Ruthless Love

I’ve been mulling over this article for a few weeks now.

The author ponders the implications of the book of Ruth, and particularly, the possible implications of the plan that Ruth’s mother-in-law, Naomi, comes up for Ruth to secure a husband for herself and a future for them both.  It involves some eyebrow-raising behavior that may or may not involve direct seduction and even sexual behavior with a man who is not her husband.  
This tends to generate a lot of gasps of indignation.  We prefer our Biblical heroes – particularly ones who are ancestors of Jesus of Nazareth – to be a bit more polished.  Sure, they may have character flaws.  But we want their good qualities to outweigh their moral failures.  
We’re less comfortable with the fact that throughout Scripture we are provided with key figures who are faithful but also quite flawed.  Men and women who certainly would not serve well as role models, yet who play key roles in the story of God’s salvation plan for creation.  David the murderer and adulterer is still a man after God’s own heart.  Moses the murderer still had a special place in God’s plan.  Abraham, who undertook a variety of questionable practices to protect himself or help God in fulfilling God’s promises is still Abraham the Patriarch.  
But Ruth the promiscuous ancestor?  That takes a bit of getting used to.
I like to distinguish between events that the Bible merely describes or narrates, and things that the Bible explicitly indicates that God commands or condones.  Plenty of things happen that are nowhere indicated to be commanded or condoned by God, but are merely reported as part of the overarching story.  Lot’s conduct in offering his daughter in exchange for his visitor’s lives is a good example.  Does the story say that God told Lot to offer this option?  Nope.  Does Scripture indicate that God condoned this offer?  Not that I can recall.  Yet the offer is recounted as part of the story – perhaps a feverish and undoubtedly a poorly conceived of option on Lot’s part.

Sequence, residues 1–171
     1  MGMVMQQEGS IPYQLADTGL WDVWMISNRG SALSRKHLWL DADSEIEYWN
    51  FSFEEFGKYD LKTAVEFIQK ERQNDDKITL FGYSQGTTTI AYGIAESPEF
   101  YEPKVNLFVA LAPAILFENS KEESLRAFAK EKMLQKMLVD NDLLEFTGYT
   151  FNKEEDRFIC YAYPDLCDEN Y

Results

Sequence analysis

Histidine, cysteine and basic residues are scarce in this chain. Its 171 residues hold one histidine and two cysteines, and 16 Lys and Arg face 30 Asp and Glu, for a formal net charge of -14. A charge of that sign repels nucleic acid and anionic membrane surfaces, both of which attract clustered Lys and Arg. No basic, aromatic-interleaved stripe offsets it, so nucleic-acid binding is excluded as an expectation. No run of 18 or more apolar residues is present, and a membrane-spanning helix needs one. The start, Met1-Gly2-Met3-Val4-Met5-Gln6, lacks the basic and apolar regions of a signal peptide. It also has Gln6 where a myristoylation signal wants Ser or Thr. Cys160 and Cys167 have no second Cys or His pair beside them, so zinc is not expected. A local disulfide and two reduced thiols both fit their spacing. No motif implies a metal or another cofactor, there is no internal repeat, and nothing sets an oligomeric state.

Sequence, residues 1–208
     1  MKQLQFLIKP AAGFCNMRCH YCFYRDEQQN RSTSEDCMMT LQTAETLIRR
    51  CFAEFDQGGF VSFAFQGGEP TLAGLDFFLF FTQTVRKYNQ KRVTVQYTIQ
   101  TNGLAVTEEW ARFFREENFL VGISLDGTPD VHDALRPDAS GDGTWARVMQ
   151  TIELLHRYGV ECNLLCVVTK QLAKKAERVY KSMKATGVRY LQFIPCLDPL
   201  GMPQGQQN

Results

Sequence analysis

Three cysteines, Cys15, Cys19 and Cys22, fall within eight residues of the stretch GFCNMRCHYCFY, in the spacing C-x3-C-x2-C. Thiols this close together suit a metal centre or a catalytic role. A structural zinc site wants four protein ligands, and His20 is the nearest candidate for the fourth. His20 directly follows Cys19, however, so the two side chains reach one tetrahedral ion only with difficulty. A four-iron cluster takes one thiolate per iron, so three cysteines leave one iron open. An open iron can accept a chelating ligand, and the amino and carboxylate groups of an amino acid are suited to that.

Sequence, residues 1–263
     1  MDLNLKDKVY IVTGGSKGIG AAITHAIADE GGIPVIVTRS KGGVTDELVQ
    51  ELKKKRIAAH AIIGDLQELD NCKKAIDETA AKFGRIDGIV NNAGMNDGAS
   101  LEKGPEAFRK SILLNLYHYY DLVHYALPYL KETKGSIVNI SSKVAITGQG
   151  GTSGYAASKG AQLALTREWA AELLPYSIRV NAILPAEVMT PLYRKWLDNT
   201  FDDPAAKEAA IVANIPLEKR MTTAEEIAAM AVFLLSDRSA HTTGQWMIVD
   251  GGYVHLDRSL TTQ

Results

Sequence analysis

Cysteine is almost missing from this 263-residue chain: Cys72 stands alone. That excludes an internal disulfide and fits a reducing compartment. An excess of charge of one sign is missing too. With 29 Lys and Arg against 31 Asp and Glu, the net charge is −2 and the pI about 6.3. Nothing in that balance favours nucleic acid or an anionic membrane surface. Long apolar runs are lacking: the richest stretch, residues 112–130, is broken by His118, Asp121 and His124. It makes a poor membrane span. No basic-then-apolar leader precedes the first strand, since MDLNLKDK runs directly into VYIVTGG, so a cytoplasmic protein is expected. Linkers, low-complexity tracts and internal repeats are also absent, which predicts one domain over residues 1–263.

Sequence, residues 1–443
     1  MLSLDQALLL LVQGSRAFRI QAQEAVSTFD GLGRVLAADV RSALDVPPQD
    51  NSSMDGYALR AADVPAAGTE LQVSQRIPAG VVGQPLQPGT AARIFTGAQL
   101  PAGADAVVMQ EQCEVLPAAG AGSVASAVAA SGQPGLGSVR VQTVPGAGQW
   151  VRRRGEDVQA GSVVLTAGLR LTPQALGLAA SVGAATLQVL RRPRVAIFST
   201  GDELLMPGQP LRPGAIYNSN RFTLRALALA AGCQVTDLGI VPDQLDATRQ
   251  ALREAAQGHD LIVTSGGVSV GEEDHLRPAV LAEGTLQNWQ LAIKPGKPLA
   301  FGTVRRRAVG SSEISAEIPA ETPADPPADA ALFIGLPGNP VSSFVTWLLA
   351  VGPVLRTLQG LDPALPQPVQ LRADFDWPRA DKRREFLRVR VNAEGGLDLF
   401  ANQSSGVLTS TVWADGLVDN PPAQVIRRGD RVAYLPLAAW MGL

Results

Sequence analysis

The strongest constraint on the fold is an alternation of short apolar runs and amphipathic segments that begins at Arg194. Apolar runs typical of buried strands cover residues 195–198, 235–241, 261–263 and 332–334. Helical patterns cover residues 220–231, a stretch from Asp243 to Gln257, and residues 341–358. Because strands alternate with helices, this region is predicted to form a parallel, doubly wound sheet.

So do we have to read Ruth and assume she was chaste and guiltless in her behavior with Boaz – or that Boaz was in his behavior with her?  Not by the text’s standards.  Does this mean that God condoned Naomi’s plan and Ruth’s conduct?  I’d argue no.  It’s just another example of broken, sinful human beings taking things into their own hands, and God continuing to love them and work through them all the same.  Just as He does with you and I.  Messy, to be sure.  But forgiven.  Disappointing, yet still redeemed.
That’s a very hopeful message for you and I.  Even if it’s not a prescription for how to secure a husband.

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